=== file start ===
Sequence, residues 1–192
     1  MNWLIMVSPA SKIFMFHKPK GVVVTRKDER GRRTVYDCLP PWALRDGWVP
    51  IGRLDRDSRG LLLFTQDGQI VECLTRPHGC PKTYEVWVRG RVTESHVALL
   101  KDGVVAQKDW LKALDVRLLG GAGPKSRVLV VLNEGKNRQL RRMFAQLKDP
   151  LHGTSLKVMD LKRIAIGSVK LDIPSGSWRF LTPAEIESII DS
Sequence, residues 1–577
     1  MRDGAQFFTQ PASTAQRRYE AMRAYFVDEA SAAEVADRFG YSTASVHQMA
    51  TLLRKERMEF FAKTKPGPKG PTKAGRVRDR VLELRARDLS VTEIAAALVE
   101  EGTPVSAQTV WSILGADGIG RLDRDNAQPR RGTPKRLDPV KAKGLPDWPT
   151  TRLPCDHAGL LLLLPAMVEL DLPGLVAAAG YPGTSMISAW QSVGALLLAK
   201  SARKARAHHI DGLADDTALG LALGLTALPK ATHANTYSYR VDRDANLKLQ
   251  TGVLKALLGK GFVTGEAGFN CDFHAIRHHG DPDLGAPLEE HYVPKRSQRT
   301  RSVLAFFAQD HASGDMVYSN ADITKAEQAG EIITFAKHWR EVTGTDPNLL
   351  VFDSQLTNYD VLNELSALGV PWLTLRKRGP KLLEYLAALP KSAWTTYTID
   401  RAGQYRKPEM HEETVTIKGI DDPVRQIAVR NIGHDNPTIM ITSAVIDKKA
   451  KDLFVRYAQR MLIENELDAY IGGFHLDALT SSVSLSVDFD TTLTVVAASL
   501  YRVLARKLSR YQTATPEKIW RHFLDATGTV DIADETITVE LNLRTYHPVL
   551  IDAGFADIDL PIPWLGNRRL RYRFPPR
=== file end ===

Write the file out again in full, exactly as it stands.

Sequence, residues 1–192
     1  MNWLIMVSPA SKIFMFHKPK GVVVTRKDER GRRTVYDCLP PWALRDGWVP
    51  IGRLDRDSRG LLLFTQDGQI VECLTRPHGC PKTYEVWVRG RVTESHVALL
   101  KDGVVAQKDW LKALDVRLLG GAGPKSRVLV VLNEGKNRQL RRMFAQLKDP
   151  LHGTSLKVMD LKRIAIGSVK LDIPSGSWRF LTPAEIESII DS
Sequence, residues 1–577
     1  MRDGAQFFTQ PASTAQRRYE AMRAYFVDEA SAAEVADRFG YSTASVHQMA
    51  TLLRKERMEF FAKTKPGPKG PTKAGRVRDR VLELRARDLS VTEIAAALVE
   101  EGTPVSAQTV WSILGADGIG RLDRDNAQPR RGTPKRLDPV KAKGLPDWPT
   151  TRLPCDHAGL LLLLPAMVEL DLPGLVAAAG YPGTSMISAW QSVGALLLAK
   201  SARKARAHHI DGLADDTALG LALGLTALPK ATHANTYSYR VDRDANLKLQ
   251  TGVLKALLGK GFVTGEAGFN CDFHAIRHHG DPDLGAPLEE HYVPKRSQRT
   301  RSVLAFFAQD HASGDMVYSN ADITKAEQAG EIITFAKHWR EVTGTDPNLL
   351  VFDSQLTNYD VLNELSALGV PWLTLRKRGP KLLEYLAALP KSAWTTYTID
   401  RAGQYRKPEM HEETVTIKGI DDPVRQIAVR NIGHDNPTIM ITSAVIDKKA
   451  KDLFVRYAQR MLIENELDAY IGGFHLDALT SSVSLSVDFD TTLTVVAASL
   501  YRVLARKLSR YQTATPEKIW RHFLDATGTV DIADETITVE LNLRTYHPVL
   551  IDAGFADIDL PIPWLGNRRL RYRFPPR